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Launch of New Zealand Food Safety Authority

1 July 2002

Food Safety Minister Annette King today launched the New Zealand Food Safety Authority.

“Food safety is very important for all of us and the New Zealand Food Safety Authority has been set up to protect consumers and enhance New Zealand’s position as a trusted food supplier,“ said Ms King.

“Food is a multi-billion dollar business in New Zealand. There are more than 30,000 businesses selling, manufacturing or processing food and more than 50 percent of New Zealand’s export earnings come from food or food-related exports.”

Ms King said the new agency brings together the skills and expertise of the Ministry of Agriculture and Forestry and the Ministry of Health.

“The food industry and consumers will benefit from a single agency dealing with food safety. It will provide a strong co-ordinated approach to reducing the incidence of food borne illness and managing food related risks.

Food industry and consumer input to the Food Safety Authority will be sought through the Food Safety Advisory Board, which will provide independent advice to me.

“The food industry will be responsible for producing safe food and will have to prove they are doing the right thing. The Government will act as the regulator setting appropriate standards and auditing and enforcing these.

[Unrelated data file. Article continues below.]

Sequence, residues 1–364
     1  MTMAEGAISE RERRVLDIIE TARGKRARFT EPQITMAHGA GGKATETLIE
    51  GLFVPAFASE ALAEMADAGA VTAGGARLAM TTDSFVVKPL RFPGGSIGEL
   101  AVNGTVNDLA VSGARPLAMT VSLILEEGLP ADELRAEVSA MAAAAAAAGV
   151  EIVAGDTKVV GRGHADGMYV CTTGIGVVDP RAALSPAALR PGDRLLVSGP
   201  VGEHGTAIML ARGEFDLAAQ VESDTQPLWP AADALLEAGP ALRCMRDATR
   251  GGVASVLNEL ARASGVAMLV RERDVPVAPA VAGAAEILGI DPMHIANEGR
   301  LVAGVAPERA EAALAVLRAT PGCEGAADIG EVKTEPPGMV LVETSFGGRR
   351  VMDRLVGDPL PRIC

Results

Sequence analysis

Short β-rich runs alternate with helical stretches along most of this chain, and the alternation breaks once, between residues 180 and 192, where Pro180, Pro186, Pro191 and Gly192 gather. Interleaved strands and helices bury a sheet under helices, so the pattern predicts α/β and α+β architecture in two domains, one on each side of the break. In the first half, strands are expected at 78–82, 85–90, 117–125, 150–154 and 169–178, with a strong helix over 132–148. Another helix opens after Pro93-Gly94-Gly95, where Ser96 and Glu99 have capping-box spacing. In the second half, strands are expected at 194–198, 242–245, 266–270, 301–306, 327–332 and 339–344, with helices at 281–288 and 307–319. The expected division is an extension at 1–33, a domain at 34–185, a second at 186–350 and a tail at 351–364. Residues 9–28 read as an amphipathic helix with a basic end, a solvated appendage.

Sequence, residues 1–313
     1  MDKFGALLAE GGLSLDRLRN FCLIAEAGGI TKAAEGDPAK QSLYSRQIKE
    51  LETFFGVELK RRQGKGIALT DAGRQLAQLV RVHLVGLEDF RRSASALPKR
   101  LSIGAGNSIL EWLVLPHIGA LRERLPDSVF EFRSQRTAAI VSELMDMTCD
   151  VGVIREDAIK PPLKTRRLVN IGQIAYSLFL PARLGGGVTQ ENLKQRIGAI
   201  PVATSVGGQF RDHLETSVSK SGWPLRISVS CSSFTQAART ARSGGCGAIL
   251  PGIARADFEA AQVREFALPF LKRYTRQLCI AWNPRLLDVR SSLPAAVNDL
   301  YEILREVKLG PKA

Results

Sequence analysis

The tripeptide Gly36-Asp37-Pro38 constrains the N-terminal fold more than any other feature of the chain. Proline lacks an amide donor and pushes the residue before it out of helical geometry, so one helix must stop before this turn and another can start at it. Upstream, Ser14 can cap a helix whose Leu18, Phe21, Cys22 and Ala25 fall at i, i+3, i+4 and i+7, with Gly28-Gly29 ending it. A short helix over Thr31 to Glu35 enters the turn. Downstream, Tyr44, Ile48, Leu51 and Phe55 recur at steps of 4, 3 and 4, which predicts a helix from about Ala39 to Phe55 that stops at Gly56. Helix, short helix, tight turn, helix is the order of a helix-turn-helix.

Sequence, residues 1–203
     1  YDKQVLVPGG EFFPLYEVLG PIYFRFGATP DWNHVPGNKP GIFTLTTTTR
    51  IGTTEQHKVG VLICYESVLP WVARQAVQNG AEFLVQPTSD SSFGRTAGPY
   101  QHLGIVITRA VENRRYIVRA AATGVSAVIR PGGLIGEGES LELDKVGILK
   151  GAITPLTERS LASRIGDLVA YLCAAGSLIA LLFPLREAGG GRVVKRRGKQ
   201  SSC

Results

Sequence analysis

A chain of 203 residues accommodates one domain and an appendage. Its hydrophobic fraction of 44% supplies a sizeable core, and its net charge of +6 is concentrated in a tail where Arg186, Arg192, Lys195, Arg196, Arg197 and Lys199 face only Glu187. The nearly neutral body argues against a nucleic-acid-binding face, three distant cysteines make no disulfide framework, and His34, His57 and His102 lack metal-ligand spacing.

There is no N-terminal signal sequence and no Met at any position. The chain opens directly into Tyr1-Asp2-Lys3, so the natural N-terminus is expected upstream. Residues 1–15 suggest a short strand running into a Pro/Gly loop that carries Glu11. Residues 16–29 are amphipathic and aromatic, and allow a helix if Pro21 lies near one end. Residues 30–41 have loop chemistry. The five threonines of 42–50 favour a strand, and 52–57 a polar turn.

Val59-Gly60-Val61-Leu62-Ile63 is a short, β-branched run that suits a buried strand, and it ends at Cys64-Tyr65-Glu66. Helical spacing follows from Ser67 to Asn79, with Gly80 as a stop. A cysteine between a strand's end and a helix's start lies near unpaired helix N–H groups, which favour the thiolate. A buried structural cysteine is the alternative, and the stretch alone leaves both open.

“In time, prescriptive standards will make way for standards that best suit the needs of producers and deliver safe food to consumers. The industry will be given flexibility for processing innovation but must ensure maximum protection for consumers,” said Ms King.

Ms King said the Food Standards Australia New Zealand (FSANZ) Board, which has replaced the Australian New Zealand Food Authority (ANZFA), will continue its good work under the New Zealand Food Safety Authority. ANZFA was responsible for introducing food labelling for all products sold in New Zealand and Australia.

“New Zealand has the most comprehensive food-labelling regime in the world. All genetically modified (GM) food under the regime put in place in 2001 must be labelled to ensure the consumers have as much information as possible about the content of the food they eat.

”GM food in New Zealand must comply with international standards set by the World Health Organization and Codex Alimentarius.”

“This Government takes food issues, food information and food safety very seriously and I am confident New Zealand, through the Food Safety Authority, will boast a world leading food regulatory programme.”

Ends

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